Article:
Here are some additional guidelines:

  • Use JSON: The training examples should be provided in JSON format, where each example consists of a <prompt, completion> pair. The prompt is a text fragment that you want the model to continue. The completion is a possible continuation that the model should learn to produce. For example, if you want to fine-tune an LLM for story generation, a prompt could be the beginning of a story, and a completion could be the next sentence or paragraph.
  • Use a separator and stop sequence: To inform the model when the prompt ends and the completion begin and when the completion ends, use a fixed separator and a stop sequence. A separator is a special token or symbol that you insert at the end of the prompt. A stop sequence is a special token or symbol that you insert at the end of the completion. For example, you could use \n##\n as the separator and \n###\n as the stop sequence, as shown below:
 {"prompt": "Alice was beginning to get very tired of sitting by her sister on the bank, and of having nothing to do.\n##\n",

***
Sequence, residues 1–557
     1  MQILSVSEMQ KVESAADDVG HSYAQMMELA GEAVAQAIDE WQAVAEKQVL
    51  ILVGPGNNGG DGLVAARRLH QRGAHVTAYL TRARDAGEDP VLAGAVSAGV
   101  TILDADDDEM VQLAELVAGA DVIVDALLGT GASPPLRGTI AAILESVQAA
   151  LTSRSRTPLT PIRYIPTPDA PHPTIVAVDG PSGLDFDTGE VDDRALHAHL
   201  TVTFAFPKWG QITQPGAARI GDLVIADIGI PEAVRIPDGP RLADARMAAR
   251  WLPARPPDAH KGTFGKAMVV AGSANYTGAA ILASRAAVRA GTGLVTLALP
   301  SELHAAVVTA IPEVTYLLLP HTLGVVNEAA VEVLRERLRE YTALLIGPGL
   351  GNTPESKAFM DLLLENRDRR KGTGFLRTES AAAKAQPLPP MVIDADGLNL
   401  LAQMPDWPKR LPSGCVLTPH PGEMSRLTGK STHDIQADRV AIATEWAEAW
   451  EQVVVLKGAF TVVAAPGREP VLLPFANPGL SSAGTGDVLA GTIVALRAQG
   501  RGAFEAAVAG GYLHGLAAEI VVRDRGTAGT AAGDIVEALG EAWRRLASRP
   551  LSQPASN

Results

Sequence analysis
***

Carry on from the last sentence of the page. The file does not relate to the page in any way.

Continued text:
"completion": "She wondered if they should just go back home.\n###\n"}
  • Don't confuse the model: Make sure the separator and stop sequence aren't included in prompt text or training data. The model should only ever see them as a separator and stop sequence.
  • Use a consistent style and tone: You should also make sure that your prompts and completions are consistent in terms of style, tone, and length. They should match the task or domain for which you want to fine-tune the model.
  • Keep training and inference prompts consistent: Make sure that the prompts you use when using the model for inference are formatted and worded in the same way that the model was trained, including using the same separator.

Fine-tuning hyperparameters

When fine-tuning an LLM such as GPT-3, it is important to adjust hyperparameters to optimize the performance of the model on a specific task or domain. Many hyperparameters are available for the user to adjust when fine-tuning a model. The table below lists some of these parameters and provides some recommendations for each. (Source: Best practices for fine-tuning GPT-3 to classify text)

Parameter Description Recommendation
n_epochs Controls the number of epochs to train the model for. An epoch refers to one full cycle through the training dataset. • Start from 2-4
• Small datasets may need more epochs and large datasets may need fewer epochs.
• If you see low training accuracy (under-fitting), try increasing n_epochs. If you see high training accuracy but low validation accuracy (over-fitting), try lowering n_epochs.